Assessing gait stability: The influence of state space reconstruction on inter- and intra-day reliability of local dynamic stability during over-ground walking.

K.S. van Schooten, S.M. Rispens, M.A.G.M. Pijnappels, A. Daffertshofer, J.H. van Dieen

    Research output: Contribution to JournalArticleAcademicpeer-review

    Abstract

    Estimating local dynamic stability is considered a powerful approach to identify persons with balance impairments. Its validity has been studied extensively, and provides evidence that short-term local dynamic stability is related to balance impairments and the risk of falling. Thus far, however, this relation has only been proven on group level. For clinical use, differences on the individual level should also be detectable, requiring reliability to be high. In the current study, reliability of short-term local dynamic stability was investigated within and between days. Participants walked 500. m back and forth on a straight outdoor footpath, on 2 non-consecutive days, and 3D linear accelerations were measured using an accelerometer (DynaPort MiniMod). The state space was reconstructed using 4 common approaches, all based on delay embedding. Within-session intra-class correlation coefficients were good (≥0.70), however between-session intra-class correlation coefficients were poor to moderate (≤0.63) and influenced by the reconstruction method. The same holds for the smallest detectable difference, which ranged from 17% to 46% depending on the state space reconstruction method. The best within- and between-session intra-class correlation coefficients and smallest detectable differences were achieved with a state space reconstruction with a fixed time delay and number of embedding dimensions. Overall, due to the influence of biological variation and measurement error, the short-term local dynamic stability can only be used to detect substantial differences on the individual level. © 2012 Elsevier Ltd.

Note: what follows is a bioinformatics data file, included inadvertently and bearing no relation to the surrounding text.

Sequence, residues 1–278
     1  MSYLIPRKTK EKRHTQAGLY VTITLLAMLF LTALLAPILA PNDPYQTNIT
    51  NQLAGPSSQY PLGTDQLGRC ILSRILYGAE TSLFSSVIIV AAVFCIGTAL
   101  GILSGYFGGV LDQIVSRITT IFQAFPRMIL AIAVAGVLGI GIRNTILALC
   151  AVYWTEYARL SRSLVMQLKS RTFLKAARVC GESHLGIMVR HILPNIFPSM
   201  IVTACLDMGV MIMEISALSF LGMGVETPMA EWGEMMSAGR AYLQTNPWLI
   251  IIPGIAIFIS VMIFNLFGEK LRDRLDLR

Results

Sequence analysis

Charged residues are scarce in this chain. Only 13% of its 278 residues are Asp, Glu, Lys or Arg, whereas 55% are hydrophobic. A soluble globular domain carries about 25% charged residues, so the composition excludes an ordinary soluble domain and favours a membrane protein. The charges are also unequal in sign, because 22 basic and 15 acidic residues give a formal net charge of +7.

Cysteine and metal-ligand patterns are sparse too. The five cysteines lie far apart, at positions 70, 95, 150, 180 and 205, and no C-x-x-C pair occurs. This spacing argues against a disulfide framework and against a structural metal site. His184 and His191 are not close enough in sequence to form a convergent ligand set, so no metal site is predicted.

Original languageEnglish
    Pages (from-to)137-141
    JournalJournal of Biomechanics
    Volume46
    Issue number1
    Early online date13 Nov 2012
    DOIs
    Publication statusPublished - 2013

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    Gait
    Individuality
    Walking
    Accidental Falls
    Measurement errors
    Accelerometers
    Time delay

    Cite this

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    title = "Assessing gait stability: The influence of state space reconstruction on inter- and intra-day reliability of local dynamic stability during over-ground walking.",
    abstract = "Estimating local dynamic stability is considered a powerful approach to identify persons with balance impairments. Its validity has been studied extensively, and provides evidence that short-term local dynamic stability is related to balance impairments and the risk of falling. Thus far, however, this relation has only been proven on group level. For clinical use, differences on the individual level should also be detectable, requiring reliability to be high. In the current study, reliability of short-term local dynamic stability was investigated within and between days. Participants walked 500. m back and forth on a straight outdoor footpath, on 2 non-consecutive days, and 3D linear accelerations were measured using an accelerometer (DynaPort MiniMod). The state space was reconstructed using 4 common approaches, all based on delay embedding. Within-session intra-class correlation coefficients were good (≥0.70), however between-session intra-class correlation coefficients were poor to moderate (≤0.63) and influenced by the reconstruction method. The same holds for the smallest detectable difference, which ranged from 17{\%} to 46{\%} depending on the state space reconstruction method. The best within- and between-session intra-class correlation coefficients and smallest detectable differences were achieved with a state space reconstruction with a fixed time delay and number of embedding dimensions. Overall, due to the influence of biological variation and measurement error, the short-term local dynamic stability can only be used to detect substantial differences on the individual level. {\circledC} 2012 Elsevier Ltd.",
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    AU - Daffertshofer, A.

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